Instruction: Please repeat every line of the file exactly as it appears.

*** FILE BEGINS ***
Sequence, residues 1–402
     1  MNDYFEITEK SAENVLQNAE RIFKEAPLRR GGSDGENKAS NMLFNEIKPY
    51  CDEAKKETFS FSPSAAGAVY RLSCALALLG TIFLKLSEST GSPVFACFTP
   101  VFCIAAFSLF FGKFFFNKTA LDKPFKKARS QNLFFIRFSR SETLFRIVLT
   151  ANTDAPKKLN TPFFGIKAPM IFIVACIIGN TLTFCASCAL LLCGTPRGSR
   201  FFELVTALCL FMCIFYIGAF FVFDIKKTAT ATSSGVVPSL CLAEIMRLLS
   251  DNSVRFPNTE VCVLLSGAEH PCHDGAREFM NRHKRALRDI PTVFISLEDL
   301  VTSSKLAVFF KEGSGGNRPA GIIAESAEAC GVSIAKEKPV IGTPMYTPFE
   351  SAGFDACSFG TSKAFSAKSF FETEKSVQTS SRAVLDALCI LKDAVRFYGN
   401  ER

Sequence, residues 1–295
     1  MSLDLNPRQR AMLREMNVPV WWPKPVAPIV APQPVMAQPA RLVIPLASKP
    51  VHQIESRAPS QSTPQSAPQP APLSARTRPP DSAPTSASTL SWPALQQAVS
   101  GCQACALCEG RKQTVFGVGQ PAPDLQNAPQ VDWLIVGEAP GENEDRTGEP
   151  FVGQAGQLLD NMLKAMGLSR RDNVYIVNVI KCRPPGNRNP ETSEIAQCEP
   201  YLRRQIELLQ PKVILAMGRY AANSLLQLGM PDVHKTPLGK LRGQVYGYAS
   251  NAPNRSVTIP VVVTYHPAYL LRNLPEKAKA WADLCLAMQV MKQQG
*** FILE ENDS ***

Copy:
Sequence, residues 1–402
     1  MNDYFEITEK SAENVLQNAE RIFKEAPLRR GGSDGENKAS NMLFNEIKPY
    51  CDEAKKETFS FSPSAAGAVY RLSCALALLG TIFLKLSEST GSPVFACFTP
   101  VFCIAAFSLF FGKFFFNKTA LDKPFKKARS QNLFFIRFSR SETLFRIVLT
   151  ANTDAPKKLN TPFFGIKAPM IFIVACIIGN TLTFCASCAL LLCGTPRGSR
   201  FFELVTALCL FMCIFYIGAF FVFDIKKTAT ATSSGVVPSL CLAEIMRLLS
   251  DNSVRFPNTE VCVLLSGAEH PCHDGAREFM NRHKRALRDI PTVFISLEDL
   301  VTSSKLAVFF KEGSGGNRPA GIIAESAEAC GVSIAKEKPV IGTPMYTPFE
   351  SAGFDACSFG TSKAFSAKSF FETEKSVQTS SRAVLDALCI LKDAVRFYGN
   401  ER

Sequence, residues 1–295
     1  MSLDLNPRQR AMLREMNVPV WWPKPVAPIV APQPVMAQPA RLVIPLASKP
    51  VHQIESRAPS QSTPQSAPQP APLSARTRPP DSAPTSASTL SWPALQQAVS
   101  GCQACALCEG RKQTVFGVGQ PAPDLQNAPQ VDWLIVGEAP GENEDRTGEP
   151  FVGQAGQLLD NMLKAMGLSR RDNVYIVNVI KCRPPGNRNP ETSEIAQCEP
   201  YLRRQIELLQ PKVILAMGRY AANSLLQLGM PDVHKTPLGK LRGQVYGYAS
   251  NAPNRSVTIP VVVTYHPAYL LRNLPEKAKA WADLCLAMQV MKQQG